The program rent range for a one-bedroom unit ranges from $847 to $1176.  At $847 it's about 30% of a $34K family income, so it's targeted at people who are working rather than those fully on social assistance.

A good overview here:
https://thenorthwesturbanist.com/2015/10...will-work/
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#6
(08-30-2016, 05:35 AM)jeffster Wrote: It's a shame that the government, local, provincial and federal can't figure out a way that would allow working class people, or those that are on disability, to have housing that they can afford.

I'm pretty sure demand and supply still works. Keep on approving high rises and I'm pretty sure we'll see the lower end of the market become cheaper.

In fact, last I heard some townhouse complexes in Lakewood were already offering some really great deals.
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#7
(08-30-2016, 01:07 PM)BuildingScout Wrote: I'm pretty sure demand and supply still works. Keep on approving high rises and I'm pretty sure we'll see the lower end of the market become cheaper.

In fact, last I heard some townhouse complexes in Lakewood were already offering some really great deals.

I agree with this. When "affordable housing" is conflated with subsidized, rent-geared-to-income units, a big piece is missing, namely the cost of all these programs and how much can be served with a given dollar of funding. If average market rents go down, subsidies can serve more people with the same budget. By far the biggest impact for the most number of people is if there is sufficient supply of a sufficient range of units - and it is cheap enough to build new ones - that there doesn't need to be a subsidy for rents to be affordable.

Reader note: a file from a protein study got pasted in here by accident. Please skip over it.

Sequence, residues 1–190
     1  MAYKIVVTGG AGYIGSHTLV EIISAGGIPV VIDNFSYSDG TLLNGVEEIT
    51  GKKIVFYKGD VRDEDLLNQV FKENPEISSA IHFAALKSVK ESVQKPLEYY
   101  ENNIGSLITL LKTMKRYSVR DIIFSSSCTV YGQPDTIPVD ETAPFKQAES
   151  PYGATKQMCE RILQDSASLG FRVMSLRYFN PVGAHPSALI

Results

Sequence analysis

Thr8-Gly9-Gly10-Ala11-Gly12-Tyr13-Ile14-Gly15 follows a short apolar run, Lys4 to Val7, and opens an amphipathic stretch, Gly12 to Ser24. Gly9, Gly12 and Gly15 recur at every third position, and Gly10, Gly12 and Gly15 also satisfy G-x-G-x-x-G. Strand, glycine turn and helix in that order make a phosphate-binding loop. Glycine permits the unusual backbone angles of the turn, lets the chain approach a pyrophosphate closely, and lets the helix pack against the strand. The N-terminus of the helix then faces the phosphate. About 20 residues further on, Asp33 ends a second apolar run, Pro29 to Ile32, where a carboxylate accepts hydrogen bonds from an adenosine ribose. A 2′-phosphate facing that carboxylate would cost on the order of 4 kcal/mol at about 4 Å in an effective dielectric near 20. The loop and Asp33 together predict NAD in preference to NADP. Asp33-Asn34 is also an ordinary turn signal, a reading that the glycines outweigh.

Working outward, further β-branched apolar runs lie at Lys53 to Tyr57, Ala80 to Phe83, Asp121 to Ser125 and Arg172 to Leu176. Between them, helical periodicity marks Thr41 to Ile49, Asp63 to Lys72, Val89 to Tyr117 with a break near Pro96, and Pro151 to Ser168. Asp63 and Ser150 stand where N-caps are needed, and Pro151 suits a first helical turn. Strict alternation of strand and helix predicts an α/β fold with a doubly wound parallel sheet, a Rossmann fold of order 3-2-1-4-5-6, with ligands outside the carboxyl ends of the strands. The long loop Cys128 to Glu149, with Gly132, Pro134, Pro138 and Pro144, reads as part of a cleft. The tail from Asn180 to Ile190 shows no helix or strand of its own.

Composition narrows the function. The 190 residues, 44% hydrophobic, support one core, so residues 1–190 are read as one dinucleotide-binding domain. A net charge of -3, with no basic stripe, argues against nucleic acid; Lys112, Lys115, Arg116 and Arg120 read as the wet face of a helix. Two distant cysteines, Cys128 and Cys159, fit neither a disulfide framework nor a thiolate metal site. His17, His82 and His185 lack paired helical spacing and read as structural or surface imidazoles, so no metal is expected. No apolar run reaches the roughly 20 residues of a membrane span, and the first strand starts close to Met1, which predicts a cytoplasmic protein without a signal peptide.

In cities that talk up the need for "affordable housing" and make it a negotiated condition for new developments with cross-subsidies, they make it more expensive to add new market supply. Focus on getting rid of unnecessary density limits, setbacks, and parking requirements, and you'll find that new units can be built to be a lot more affordable by default.
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#8
(08-30-2016, 10:17 PM)mpd618 Wrote: I agree with this. When "affordable housing" is conflated with subsidized, rent-geared-to-income units, a big piece is missing, namely the cost of all these programs and how much can be served with a given dollar of funding. If average market rents go down, subsidies can serve more people with the same budget. By far the biggest impact for the most number of people is if there is sufficient supply of a sufficient range of units - and it is cheap enough to build new ones - that there doesn't need to be a subsidy for rents to be affordable.

This is what Seattle is trying to address through an extended property tax holiday for affordable housing.  I think that is a reasonable cost, especially as those buildings might not get built at all otherwise (so the lost property tax revenue might not be so much in the end).

Making it easier to build more, and more dense, is good.  But more expensive units are more profitable, so at the moment most cities are in a situation where there are not enough affordable units.

I admit that it's possible that this could be done completely without subsidies, but I would like to know of some (western) cities where this has actually worked.  Anyone know of some?